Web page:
As a result local basic grain production contracted. By the end of the 1980s, Honduras, which had been a net exporter of basic grains in the 1970s, was dependent on imports. Correspondingly, the 1980s saw wholesale acceleration in migration from rural to urban areas–in effect the creation of the unskilled urban labor reserve needed for US and US-allied maquilas. At the same time US ambassador John Negroponte helped oversee a “dirty war” in which as many as 180 leading members of the popular movement were disappeared or murdered–including many leading trades unionists. The Honduran people’s capacity for organized resistance was crippled.
The decade also saw the imposition of international financial institution “structural adjustment” policies, notorious for their failure either to promote real economic development or to overcome poverty. By the 1990s all the necessary conditions were established to promote low wage, non-unionised assembly operations to serve the US apparel and other markets. The US government’s preferred industrial model for Central America was in place.
Public sector cutbacks and the collapse in agricultural employment created a huge pool of unskilled labor desperate for work. The assault on the popular movement left trades unions in disarray and on the defensive. The government parroted free market gobbledygook from its overseers in the World Bank and the International Monetary Fund and translated it into legislation offering give away terms to attract predatory foreign, low-cost, light industrial pseudo-investment – the maquilas.
Honduran maquilas now
Conditions in Central American apparel and other maquilas have been well reported over the years. Over 80% of maquila workers are women, the majority between 18 and 25 years old. They work minimum shifts of 9 hours with obligatory overtime. Their work conditions are usually stressful and unhealthy. Apparel workers typically suffer serious respiratory problems after a couple of years working while constantly inhaling lint microparticles. The women work in a deliberately high tension atmosphere which includes predetermined and timed rest-room visits. In those conditions the women perform repetitive micro-tasked work at an output rate of two to four pieces per minute so as to make their shift quota, that can be anything from 800 to 1200 pieces. For that, workers are paid a basic rate of about US$25 for a six day week.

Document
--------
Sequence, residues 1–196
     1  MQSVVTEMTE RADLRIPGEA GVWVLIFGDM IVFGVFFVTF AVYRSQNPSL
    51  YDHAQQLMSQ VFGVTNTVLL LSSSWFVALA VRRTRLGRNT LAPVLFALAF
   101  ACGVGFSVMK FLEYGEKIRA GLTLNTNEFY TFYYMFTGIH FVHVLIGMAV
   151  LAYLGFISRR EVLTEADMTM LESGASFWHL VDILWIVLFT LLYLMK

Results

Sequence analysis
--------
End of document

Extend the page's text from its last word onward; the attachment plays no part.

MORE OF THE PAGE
The companies keep the wage calculation complicated. The total wage includes an additional daily attendance bonus of around US$3 and a similar weekly production bonus enabling the women to make over US$30 for their week. But if they miss just one day they lose all their bonuses and their weekly pay can fall below US$20. Days lost through sickness are treated the same as a day lost through unjustified absence.
Most women work in the maquilas for no more than six or seven years, often moving from one to another. Unable to save, unable to study, those years are lost to them. A Mexican sociologist has succinctly characterized the plight of women maquila workers, “To be a maquila worker is to be vulnerable, day in and day out,”3 It’s just the same in Honduras. Women are stressed all day at work only to be faced each evening with completing domestic chores in desperately poor conditions at home.
Penniless philanthropists finance the free market
The maquilas now employ more than 100,000 workers in over 150 factories. Honduras is the fourth main exporter of apparel to the United States. In 1999 those exports were worth more than US$2 billion–a grossly exaggerated return on a total investment of just a few hundred million dollars. The US owns over 40% of the maquilas in Honduras followed by South Korea, Taiwan and then Singapore, China and Hong Kong. Local Honduran businesses run the remainder. Resistance to labor unions is common to them all.
With government concessions in practice exempting the companies from the country’s labor laws, foreign businesses can open up and close down fast. In 2001, 34 companies closed down throwing nearly 30,000 people out of work. Many workers were left without their statutory severance pay. Foreign companies can soon open up again, maximising company profits at heavy social cost. In addition to the no-cost hire-and-fire culture, some of the companies dump toxic waste from their plants, frequently causing widespread pollution.